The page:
Shannon Noelle Rivera

Shannon Noelle Rivera graduated from the University of Hawaiʻi at Mānoa with a dual degree in Environmental Studies with a minor in Zoology to pursue a career working in wildlife conservation. She earned a second degree in Gender and Conflict Resolution to better understand and identify gender-sensitive strategies within conservation practice. Shannon is the Community Partnership Coordinator for Hawaii’s Department of Land and Natural Resources Kaulunani Urban Forestry Program, a student researcher with the University’s Hawaiʻi Wildlife Ecology Lab, a member of the Hawaiʻi Conservation Alliance Nāhululeihiwakuipapa Next- Gen Committee and the President of Society for Conservation Biology’s newly formed Hawaiʻi Chapter. Her focus and passion is Environmental and Endangered Species Conservation and how the consideration of Animal Welfare is addressed in conservation practice.


Lily van Eeden

For the first seven years of my career, I worked in ecological impact assessments and environmental management, first in Australia and then overseas. From counting kangaroos in Victoria, trapping prairie dogs in southern Utah, to chasing badgers in central China, I’ve had some incredible and diverse experiences that have helped shape my outlook on conservation on a global scale. These experiences led me to diversify my approach, and I’m now undertaking a PhD that brings together social and political sciences to address environmental problems. Specifically, I investigate Australia’s dingo management and seek to find solutions to the conflict between dingoes and livestock production so that we can learn to coexist with our only top order predator. I’m particularly interested in this topic because dingoes play an important role in ecosystem regulation through suppression of kangaroos and invasive predators, so allowing the dingo to fulfil this role can facilitate holistic management that restores ecosystem balance at a landscape scale. I’m currently the Events Manager for the Sydney chapter of the Society for Conservation Biology. I’d like to join the Oceania chapter Board of Directors to enhance my ability to contribute to the society and the field of conservation biology more broadly.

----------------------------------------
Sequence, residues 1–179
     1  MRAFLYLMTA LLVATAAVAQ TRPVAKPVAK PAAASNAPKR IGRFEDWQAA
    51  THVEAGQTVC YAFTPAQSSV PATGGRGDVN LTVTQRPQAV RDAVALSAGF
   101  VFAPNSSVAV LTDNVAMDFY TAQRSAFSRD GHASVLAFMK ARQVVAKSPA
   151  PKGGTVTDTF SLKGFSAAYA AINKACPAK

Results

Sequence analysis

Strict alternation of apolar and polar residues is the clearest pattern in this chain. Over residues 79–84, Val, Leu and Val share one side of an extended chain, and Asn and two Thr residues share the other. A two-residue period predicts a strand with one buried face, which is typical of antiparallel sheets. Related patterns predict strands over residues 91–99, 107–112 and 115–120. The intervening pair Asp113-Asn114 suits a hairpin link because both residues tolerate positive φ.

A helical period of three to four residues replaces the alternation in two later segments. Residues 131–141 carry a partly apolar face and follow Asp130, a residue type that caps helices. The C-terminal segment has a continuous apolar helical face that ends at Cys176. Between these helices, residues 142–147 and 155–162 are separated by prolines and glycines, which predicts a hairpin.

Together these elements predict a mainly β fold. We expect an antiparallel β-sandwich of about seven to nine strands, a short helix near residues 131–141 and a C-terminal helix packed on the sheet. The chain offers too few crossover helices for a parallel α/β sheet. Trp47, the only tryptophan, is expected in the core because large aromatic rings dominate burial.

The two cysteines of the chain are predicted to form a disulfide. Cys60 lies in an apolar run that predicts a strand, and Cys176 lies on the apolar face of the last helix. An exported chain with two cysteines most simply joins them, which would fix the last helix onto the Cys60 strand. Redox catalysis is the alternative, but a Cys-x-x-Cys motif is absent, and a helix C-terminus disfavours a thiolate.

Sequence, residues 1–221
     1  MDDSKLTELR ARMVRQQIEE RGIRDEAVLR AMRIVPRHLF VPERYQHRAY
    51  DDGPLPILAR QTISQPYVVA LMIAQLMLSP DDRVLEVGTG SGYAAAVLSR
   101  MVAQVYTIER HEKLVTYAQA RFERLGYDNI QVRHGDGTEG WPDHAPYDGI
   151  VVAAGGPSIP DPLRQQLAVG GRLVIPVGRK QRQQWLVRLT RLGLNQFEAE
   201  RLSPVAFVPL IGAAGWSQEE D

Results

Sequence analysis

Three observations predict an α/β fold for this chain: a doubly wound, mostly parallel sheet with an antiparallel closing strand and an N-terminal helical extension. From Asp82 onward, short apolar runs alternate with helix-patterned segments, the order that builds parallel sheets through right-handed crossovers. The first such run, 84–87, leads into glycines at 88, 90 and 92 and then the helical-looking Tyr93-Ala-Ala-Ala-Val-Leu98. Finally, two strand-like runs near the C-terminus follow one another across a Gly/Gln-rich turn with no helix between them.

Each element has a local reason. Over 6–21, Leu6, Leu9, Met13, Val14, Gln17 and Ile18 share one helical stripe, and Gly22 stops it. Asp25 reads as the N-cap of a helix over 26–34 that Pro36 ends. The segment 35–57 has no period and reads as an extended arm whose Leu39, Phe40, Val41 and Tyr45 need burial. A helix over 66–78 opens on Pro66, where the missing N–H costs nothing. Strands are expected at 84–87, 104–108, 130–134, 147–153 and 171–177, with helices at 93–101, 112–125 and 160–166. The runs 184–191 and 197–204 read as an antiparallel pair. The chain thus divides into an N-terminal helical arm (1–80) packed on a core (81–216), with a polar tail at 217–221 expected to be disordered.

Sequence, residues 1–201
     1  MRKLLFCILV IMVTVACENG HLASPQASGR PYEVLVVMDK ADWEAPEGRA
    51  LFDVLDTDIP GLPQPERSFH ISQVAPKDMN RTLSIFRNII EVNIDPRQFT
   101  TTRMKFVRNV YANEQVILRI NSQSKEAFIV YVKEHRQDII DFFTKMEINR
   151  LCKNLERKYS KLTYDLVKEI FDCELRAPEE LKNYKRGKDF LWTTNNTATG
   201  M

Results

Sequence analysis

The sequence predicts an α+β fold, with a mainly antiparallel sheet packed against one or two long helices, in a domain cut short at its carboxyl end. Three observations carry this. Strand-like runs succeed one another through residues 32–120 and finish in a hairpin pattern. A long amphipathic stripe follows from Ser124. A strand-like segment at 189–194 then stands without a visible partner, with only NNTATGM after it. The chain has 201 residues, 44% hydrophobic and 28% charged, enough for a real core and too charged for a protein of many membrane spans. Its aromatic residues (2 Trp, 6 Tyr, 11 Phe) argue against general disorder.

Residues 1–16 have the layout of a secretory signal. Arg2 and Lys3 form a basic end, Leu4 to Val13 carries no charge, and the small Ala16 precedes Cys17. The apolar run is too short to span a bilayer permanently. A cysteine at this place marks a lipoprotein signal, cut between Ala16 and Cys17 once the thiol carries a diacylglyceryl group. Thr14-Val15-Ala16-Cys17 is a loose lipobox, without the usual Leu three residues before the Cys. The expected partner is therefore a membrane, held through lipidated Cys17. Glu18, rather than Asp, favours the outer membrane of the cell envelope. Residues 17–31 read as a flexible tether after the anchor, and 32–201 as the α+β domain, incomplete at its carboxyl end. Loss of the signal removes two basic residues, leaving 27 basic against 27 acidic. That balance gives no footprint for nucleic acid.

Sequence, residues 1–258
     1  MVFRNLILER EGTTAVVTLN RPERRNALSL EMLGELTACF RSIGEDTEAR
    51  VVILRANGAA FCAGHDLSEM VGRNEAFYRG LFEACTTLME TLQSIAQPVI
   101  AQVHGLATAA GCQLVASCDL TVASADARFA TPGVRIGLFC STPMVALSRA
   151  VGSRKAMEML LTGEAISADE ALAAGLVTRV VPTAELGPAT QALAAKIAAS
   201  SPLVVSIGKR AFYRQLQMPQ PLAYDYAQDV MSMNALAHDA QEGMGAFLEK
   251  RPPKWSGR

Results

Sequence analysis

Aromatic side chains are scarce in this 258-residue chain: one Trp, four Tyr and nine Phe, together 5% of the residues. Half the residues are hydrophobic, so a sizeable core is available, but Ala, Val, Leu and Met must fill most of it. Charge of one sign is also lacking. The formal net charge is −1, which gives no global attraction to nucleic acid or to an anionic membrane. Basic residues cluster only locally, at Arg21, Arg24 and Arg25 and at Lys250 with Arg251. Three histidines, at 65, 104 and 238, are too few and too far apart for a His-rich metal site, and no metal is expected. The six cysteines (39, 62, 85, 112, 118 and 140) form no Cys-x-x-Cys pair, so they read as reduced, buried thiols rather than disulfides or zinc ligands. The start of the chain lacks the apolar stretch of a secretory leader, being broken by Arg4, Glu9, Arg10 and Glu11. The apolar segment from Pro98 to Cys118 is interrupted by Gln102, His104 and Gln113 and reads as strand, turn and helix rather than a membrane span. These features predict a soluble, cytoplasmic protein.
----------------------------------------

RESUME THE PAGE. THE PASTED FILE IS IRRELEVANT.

Emily S. Weeks

I have been on the SCB-Oceania board for the last 3 years working closely with the policy and education working groups. During this time, I have worked closely with the policy working group and lead the development of the SCB-Oceania Scientific Statement on the status of NZ freshwater flora and fauna. At present, I work in international development on global land policy and natural resource management. Prior to this I was a researcher and then Senior Analyst at Landcare Research in NZ and helped build the National Land Research Centre which aimed to facilitate more efficient uptake of science information and products for end users. My PhD is in Conservation planning and I also have done extensive research in Ecosystem Services. My free time was once spent exploring the outdoors and adventuring through running and mountain biking but is now more focused on exploring the outdoors and taking on new adventures with my 3-year-old.